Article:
Ella Snyder Fund Recipient
“I’ll create a photo book featuring my trans community, donating to the camp I went to for trans kids

Ella Snyder

Age - 21
 New York, United States
@ellasnyder
Ella Snyder
“I’ll create a photo book featuring my trans community, donating to the camp I went to for trans kids

THIS PROJECT WILL BE FUNDED BY THE DAZED 100 IDEAS FUND, IN PARTNERSHIP WITH CONVERSE

New York-based model, photographer, and YouTuber Ella Snyder will create a photography book focusing on the transgender community and her place within it. “It’s a really big step for me, connecting with my community after having been a ‘stealth’ trans woman for so long. Hiding that part of my identity really created a disconnect,” Ella says. Proceeds from sales of the photo book will be donated to Camp Aranu'tiq, a summer camp for transgender and non-binary young people that Ella attended aged 11. “It was the first space I ever felt free to be myself,” she explains, “I hope that this book can do something similar for everyone included.”

Ella Snyder is a gen-Z polymath. In 2017 she featured on the BBC2 documentary Transgender Kids: Who Knows Best? about her experience transitioning at age 11, and the same year published TUCK*d magazine which, Ella explained, “was created in the hopes of eliminating the stigma around transgender youth”. She’s currently at Parson’s studying photography, while also creating work for her highly-followed YouTube channel, as well as modelling and writing. 

Now she’s working on her first photo-book, documenting the trans and non-binary friends she’s made at college, the people she meets now, and the people who influenced her journey. “I think the most exciting aspect about it is that this is the first time I’m approaching my artistic practice from the place of being an out trans woman,” Ella says. “The book is going to primarily act as a photo book, but it will also include a collection of essays that I am writing as I meet with the people I photograph.” 

Since she came out as trans on her channel last year, Ella’s work has become more focussed on profiling and prioritising trans people: her photography is about creating a universe she wants to exist in, one in which non-binary and trans people can express themselves freely, or as she puts it: “I aim to create a dialogue that normalises difference.”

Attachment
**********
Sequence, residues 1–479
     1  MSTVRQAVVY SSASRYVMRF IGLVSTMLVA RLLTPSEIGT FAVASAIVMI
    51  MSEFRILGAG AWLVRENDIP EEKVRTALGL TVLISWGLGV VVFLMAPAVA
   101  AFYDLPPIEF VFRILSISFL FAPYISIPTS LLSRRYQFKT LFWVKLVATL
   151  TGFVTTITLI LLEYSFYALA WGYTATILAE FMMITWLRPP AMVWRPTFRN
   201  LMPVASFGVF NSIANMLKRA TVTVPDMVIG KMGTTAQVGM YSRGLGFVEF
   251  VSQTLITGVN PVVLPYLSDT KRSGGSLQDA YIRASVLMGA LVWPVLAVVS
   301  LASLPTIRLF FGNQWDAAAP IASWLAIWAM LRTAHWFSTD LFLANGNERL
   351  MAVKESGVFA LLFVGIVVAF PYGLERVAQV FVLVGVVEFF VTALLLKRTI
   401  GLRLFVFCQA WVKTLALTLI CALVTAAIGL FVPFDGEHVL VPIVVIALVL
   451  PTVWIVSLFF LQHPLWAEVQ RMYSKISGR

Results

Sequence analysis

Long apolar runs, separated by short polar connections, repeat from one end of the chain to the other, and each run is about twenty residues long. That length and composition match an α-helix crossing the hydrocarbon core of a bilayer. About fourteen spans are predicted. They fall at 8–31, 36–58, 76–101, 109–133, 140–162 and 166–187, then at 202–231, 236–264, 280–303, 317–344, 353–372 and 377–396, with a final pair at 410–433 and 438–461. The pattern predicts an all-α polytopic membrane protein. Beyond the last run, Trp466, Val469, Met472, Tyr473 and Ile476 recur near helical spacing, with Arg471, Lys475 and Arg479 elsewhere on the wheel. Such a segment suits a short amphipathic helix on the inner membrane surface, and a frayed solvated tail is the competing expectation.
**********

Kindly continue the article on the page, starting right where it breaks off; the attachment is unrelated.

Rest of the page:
When it comes to your work, what are you most proud of? 

Ella Snyder: One of my biggest accomplishments has to have been coming out as trans on my YouTube channel. I don’t know what took me so long to do it other than the fact that I was scared that my viewers wouldn’t be accepting. The internet is an extremely scary place, but I’ve come to realise there is so much more love out there than there is hate. And I know that I am extremely privileged to have experienced coming out in this way, to have been able to live as a cis woman and not have the immediate need to explain my gender identity to others, but it felt extremely important to me to share that part of myself with the world. I couldn’t live this secret anymore and my life has only improved since coming out. 

How do you want to influence the future?

Ella Snyder: For me, it’s all about positive representation. I hope that by being vocal online and by being my authentic self, I can inspire younger generations to do the same. By being this visible figure, who is proud and confident in who they are, I hope that I’m setting the example for others to find the courage within themselves to do it too. This visibility is so important because it’s the starting point in first accepting, and then appreciating diversity.

“The internet is an extremely scary place, but I’ve come to realise there is so much more love out there than there is hate” – Ella Snyder

What creative or philanthropic project would you work on with a grant from the Dazed 100 Ideas Fund?  

Ella Snyder: I would use the grant to elevate the production of my photo book. The funds would allow me to travel and meet with many more individuals, create more interesting images, and publish a better book on a technical level. The money would also be put towards actually getting the book out there and into people’s hands. Anything left, I feel like it would only be right to give back to the community. I would donate any leftover funding to Camp Aranu’tiq in the form of scholarships for campers. Camp Aranu’tiq was the summer camp I went to each year from the ages of eleven to fifteen and it’s a camp for transgender and non-binary kids. It was the first place I ever truly felt safe to be me, and the first place I met other kids like myself. Had I not gone there, I don’t think I would be able to love myself as wholly as I do today, and I hope to provide that opportunity for others whom it may not be accessible to otherwise.

Tom Rasmussen

Thanks for voting